“In addition to being a substantively excellent member of the Heat legal team, Vered is one of the most thoughtful, loyal and empathetic people with whom we have the pleasure of working,” said Christopher Keefe, a corporate partner at the law firm of Nixon Peabody LLP who regularly partners with Yakovee and the Heat. “She has made a well-run and engaged organization stronger through her commitment to inclusion and outreach. We are proud to be part of her team.”
Yakovee recognizes that many benefits flow from working with colleagues with different backgrounds. For example, she has by happy accident become an apparel attorney. The Heat has a robust creative department, which designs T-shirts and other apparel, reflecting a broad range of experience with organizational history past and present, as well as the culture and history of the city of Miami.
These ideas and the team’s designs organically evolved into a recognizable style and then into a brand, Court Culture, that is now the in-house label of the Heat. While she thoroughly enjoys the work that is more traditional for a sports franchise, she is also inspired by the nontraditional legal work that arises.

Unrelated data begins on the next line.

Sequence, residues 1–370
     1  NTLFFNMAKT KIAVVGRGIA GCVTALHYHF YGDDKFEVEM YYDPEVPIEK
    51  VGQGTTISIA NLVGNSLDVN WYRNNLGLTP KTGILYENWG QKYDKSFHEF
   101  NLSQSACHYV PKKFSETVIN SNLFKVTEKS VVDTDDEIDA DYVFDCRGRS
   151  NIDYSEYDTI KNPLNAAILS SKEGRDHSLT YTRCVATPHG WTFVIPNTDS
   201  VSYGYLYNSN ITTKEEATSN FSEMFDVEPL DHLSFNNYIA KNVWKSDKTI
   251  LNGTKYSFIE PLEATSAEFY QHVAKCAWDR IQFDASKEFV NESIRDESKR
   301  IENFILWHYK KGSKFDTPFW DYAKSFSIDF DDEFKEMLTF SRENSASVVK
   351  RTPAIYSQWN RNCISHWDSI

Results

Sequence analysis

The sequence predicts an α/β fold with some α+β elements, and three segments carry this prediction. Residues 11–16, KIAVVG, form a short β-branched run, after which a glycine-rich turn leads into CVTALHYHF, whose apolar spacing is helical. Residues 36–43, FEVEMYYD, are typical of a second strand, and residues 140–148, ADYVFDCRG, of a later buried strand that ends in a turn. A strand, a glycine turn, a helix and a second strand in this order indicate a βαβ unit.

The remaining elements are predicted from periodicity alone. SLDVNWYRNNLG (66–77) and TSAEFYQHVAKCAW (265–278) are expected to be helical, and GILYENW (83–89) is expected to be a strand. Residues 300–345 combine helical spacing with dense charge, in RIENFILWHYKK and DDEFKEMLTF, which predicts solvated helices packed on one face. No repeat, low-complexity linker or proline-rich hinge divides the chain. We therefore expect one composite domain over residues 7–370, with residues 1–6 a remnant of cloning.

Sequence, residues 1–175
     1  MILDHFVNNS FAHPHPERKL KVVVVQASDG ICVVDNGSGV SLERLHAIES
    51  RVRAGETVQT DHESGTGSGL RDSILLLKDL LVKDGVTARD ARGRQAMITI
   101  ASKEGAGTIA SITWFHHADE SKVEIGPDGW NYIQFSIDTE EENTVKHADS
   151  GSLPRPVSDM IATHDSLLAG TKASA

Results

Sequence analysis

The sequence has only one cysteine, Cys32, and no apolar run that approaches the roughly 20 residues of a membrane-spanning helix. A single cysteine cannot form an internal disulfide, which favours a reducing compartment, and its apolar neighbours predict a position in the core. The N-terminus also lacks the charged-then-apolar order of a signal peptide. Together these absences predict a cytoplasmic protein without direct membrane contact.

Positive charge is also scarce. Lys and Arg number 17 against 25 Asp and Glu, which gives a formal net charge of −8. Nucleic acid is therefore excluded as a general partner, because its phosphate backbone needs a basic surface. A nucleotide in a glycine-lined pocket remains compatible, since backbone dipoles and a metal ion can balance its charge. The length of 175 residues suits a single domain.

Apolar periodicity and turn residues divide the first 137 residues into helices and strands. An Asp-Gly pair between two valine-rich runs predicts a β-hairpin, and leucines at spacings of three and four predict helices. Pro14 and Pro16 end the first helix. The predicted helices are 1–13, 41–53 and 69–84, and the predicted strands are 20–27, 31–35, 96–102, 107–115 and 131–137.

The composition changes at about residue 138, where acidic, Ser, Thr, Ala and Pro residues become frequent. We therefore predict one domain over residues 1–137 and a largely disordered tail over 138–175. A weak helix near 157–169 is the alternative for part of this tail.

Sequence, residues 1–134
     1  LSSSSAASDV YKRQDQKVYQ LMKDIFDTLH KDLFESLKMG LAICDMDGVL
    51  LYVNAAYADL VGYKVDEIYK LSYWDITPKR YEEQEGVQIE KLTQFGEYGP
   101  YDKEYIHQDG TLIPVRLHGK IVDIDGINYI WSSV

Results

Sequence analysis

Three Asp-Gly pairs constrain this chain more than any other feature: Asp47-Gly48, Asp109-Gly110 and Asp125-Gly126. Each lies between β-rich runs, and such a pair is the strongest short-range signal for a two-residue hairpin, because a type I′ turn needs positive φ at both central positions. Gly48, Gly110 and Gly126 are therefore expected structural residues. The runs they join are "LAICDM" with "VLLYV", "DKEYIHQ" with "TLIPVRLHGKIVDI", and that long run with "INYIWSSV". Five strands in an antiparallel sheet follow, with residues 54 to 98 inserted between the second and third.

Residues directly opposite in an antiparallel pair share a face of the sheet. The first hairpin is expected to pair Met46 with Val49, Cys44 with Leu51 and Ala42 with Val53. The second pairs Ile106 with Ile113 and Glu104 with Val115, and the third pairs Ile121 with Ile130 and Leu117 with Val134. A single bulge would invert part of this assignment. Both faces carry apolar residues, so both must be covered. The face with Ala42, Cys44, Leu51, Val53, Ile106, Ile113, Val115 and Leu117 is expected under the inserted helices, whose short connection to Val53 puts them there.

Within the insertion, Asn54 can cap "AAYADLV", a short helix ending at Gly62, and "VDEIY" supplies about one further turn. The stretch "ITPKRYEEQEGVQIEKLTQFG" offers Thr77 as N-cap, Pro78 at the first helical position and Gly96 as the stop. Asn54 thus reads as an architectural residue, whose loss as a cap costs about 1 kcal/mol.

“The creative department personifies the inclusiveness of our company,” Yakovee says. “Our creative team comes up with things that reflect every pocket of our community. Frankly, as a Miami transplant, those T-shirt designs are more than just cool; I actually learn a lot from the meaning behind them.”
During the 2017-18 NBA season, the success of the creative team collided with another notable aspect of the Heat, its retail business, when Nike collaborated with the NBA and each team to design “city edition” uniforms. Yakovee had already worked closely with the consistently NBA-leading Heat retail department by supporting it in connection with its stores online, in the Arena, at the Miami International Airport, and at the Dolphin Mall.
Still, Yakovee explains, the Heat City Edition campaign, a throwback to the era when the Heat was established, took the retail operation to another level. The fuchsia-and-blue nostalgic campaign incorporated elements of the old Miami Arena and 1980s Miami and was a huge commercial success, outselling all of the other twenty-nine teams combined.
Alongside her work with the Heat, Yakovee is also a member of the Sports Lawyers Association, an organization she’s been a part of since graduating law school and that she credits for providing countless professional resources.